No up front fees to carry your project! We will NEVER charge you up front commission fees, diligence fees, or "set-up" fees. If we can not raise funds, we will not collect our 3% commission.
Of course we are not in business to provide free business plans and Regulation D private placement memorandums, and we will charge you for these documents if they are required. However, if we feel your project is worthy, and you have already had your documentation professionally prepared elsewhere, we will draft our commission agreement for your review and will get started upon receipt of the signed agreement.
Click Here for Documentation Fee Details
Click Here For Sample 1: Family Child Care and Debt Services
Click Here For Sample 2: Martin Medical Research
Click Here For Sample 3: Welby's Productions
What Will I Need to be Considered for SBA Loan Assistance?
Even though the SBA qualifying standards are more flexible than other types of loans, lenders will generally ask for certain information before deciding to use an SBA loan program. Generally, a business will need the following documentation to evaluate your loan request:
- Business profile- A document describing type of business, annual sales, number of employees, length of time in business, and ownership.
- Loan request- A description of how loan funds will be used; should include purpose, amount, and type of loan.
- Collateral- Description of collateral offered to secure the loan, including equity in the business, borrowed funds, and available cash.
- Business financial statements- Complete financial statements for the past three years and current interim financial statements.
- Personal financial statements- Statements of owners, partners, officers, and stockholders owning 20% or more of the business.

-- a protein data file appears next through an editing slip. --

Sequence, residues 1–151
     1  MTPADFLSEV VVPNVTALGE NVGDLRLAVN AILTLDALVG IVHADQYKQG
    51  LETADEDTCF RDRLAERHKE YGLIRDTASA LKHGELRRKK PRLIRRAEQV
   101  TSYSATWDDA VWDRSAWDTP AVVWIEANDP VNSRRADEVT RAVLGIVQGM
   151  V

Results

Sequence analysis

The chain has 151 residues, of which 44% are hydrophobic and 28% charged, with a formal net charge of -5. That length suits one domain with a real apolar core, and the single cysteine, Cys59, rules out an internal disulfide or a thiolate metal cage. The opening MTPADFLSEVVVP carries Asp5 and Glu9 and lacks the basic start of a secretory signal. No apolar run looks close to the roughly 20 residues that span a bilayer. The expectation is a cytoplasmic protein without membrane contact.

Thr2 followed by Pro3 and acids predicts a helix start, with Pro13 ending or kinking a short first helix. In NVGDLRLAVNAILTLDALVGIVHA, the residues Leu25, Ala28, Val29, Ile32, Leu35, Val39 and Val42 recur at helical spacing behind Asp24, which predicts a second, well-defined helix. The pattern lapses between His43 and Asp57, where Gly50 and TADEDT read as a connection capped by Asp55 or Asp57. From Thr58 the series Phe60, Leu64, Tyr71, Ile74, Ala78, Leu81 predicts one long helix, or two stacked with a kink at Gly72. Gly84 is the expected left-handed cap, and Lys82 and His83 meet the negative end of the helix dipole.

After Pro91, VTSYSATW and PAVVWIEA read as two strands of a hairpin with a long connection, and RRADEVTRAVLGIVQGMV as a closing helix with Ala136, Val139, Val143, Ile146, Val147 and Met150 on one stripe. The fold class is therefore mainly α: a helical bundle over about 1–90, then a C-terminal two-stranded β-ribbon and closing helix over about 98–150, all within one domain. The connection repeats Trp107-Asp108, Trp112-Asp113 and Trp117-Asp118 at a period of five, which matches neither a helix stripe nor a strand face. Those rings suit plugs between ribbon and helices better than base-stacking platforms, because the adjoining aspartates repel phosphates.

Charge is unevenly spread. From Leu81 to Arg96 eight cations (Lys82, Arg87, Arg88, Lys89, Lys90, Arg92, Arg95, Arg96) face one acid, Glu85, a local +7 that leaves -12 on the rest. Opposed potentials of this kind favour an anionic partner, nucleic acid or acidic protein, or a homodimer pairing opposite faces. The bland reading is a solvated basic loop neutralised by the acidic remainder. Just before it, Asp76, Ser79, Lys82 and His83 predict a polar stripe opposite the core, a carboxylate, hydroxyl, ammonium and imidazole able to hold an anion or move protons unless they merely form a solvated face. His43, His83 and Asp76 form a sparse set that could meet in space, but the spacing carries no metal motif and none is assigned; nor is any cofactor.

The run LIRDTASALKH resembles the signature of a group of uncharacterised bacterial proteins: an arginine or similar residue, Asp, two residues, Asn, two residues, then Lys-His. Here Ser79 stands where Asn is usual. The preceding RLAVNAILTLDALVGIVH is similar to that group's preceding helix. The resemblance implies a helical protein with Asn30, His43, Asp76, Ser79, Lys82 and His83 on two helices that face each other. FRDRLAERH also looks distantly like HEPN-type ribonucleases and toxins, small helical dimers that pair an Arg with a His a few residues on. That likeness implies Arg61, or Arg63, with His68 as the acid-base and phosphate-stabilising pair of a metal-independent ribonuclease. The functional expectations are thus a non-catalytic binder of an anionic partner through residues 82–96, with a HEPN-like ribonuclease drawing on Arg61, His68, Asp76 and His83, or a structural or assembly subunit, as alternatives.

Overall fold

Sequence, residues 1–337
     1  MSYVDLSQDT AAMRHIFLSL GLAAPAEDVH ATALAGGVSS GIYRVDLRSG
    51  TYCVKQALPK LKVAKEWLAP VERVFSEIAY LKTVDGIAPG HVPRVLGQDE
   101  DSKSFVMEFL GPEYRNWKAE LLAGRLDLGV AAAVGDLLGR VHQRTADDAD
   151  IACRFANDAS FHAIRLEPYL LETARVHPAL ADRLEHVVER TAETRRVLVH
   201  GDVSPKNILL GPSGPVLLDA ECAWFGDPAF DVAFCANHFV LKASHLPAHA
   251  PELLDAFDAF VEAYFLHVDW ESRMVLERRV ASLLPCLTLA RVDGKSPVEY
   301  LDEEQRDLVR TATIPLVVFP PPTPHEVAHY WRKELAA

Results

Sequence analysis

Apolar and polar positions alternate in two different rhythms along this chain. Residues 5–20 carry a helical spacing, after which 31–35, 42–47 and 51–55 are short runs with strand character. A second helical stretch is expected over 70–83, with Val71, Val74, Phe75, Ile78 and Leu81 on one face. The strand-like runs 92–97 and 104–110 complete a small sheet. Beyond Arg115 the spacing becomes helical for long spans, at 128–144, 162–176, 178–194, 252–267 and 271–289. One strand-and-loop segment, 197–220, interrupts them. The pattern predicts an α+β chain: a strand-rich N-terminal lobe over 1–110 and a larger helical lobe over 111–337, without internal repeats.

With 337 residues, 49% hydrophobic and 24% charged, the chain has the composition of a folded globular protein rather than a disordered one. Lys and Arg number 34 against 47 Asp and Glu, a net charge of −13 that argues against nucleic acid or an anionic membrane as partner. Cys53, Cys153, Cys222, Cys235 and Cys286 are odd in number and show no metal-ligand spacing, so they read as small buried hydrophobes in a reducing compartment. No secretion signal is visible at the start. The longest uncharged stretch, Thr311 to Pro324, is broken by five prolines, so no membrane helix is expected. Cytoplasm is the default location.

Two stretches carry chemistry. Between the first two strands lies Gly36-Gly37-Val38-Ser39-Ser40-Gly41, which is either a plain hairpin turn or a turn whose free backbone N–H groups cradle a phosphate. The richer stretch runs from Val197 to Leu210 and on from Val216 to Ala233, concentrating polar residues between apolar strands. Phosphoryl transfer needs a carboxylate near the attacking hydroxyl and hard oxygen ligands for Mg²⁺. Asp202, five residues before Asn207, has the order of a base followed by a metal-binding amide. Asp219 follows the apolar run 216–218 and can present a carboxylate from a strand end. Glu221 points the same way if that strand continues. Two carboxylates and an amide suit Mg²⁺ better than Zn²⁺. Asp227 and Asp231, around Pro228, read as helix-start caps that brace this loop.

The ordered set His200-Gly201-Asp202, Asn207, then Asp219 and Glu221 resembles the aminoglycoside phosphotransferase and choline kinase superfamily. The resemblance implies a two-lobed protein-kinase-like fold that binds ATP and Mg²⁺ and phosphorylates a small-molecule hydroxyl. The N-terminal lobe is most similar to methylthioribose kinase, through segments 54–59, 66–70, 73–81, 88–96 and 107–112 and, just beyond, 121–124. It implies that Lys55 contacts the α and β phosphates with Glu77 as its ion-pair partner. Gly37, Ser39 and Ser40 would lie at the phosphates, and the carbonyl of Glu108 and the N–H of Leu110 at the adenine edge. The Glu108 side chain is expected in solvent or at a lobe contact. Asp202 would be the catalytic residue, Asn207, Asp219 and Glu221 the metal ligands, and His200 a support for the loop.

The strength and accuracy of your financial statements will be the primary basis for the lending decision, so be sure that yours are carefully prepared and up-to-date. The most important documents in your financial statements are:
- Balance sheets from the last three fiscal year-ends.
- Income statements revealing your business profits or losses for the last three years.
- Cash flow projections indicating how much cash you expect to generate to repay the loan.
- Accounts receivable and payable aging, breaking your receivables and payables in to 30, 60, 90, and past 90-day old categories.
- Personal financial statements from you and your business partners listing all personal assets, liabilities, and monthly payments as well as your personal tax returns for the past three years.
What do Venture capital firms look for?
One way of explaining the different ways in which banks and venture capital firms evaluate a small business seeking funds, put simply, is: Banks look at its immediate future, but are most heavily influenced by its past. Venture capitalists look to its longer run future. To be sure, venture capital firms and individuals are interested in many of the same factors that influence bankers in their analysis of loan applications from smaller companies. All financial people want to know the results and ratios of past operations, the amount and intended use of the needed funds, and the earnings and financial condition of future projections. But venture capitalists look much more closely at the features of the product and the size of the market than do commercial banks. Banks are creditors. They're interested in the product/market position of the company to the extent they look for assurance that this service or product can provide steady sales and generate sufficient cash flow to repay the loan. They look at projections to be certain that owner/managers have done their homework.
Venture capital firms are owners. They hold stock in the company, adding their invested capital to its equity base. Therefore, they examine existing or planned products or services and the potential markets for them with extreme care. They invest only in firms they believe can rapidly increase sales and generate substantial profits. Why? Because venture capital firms invest for long-term capital, not for interest income. A common estimate is that they look for three to five times their investment in five or seven years. Of course venture capitalists don't realize capital gains on all their investments. Certainly they don't make capital gains of 300 percent to 500 percent except on a very limited portion of their total investments. But their intent is to find venture projects with this appreciation potential to make up for investments that aren't successful.
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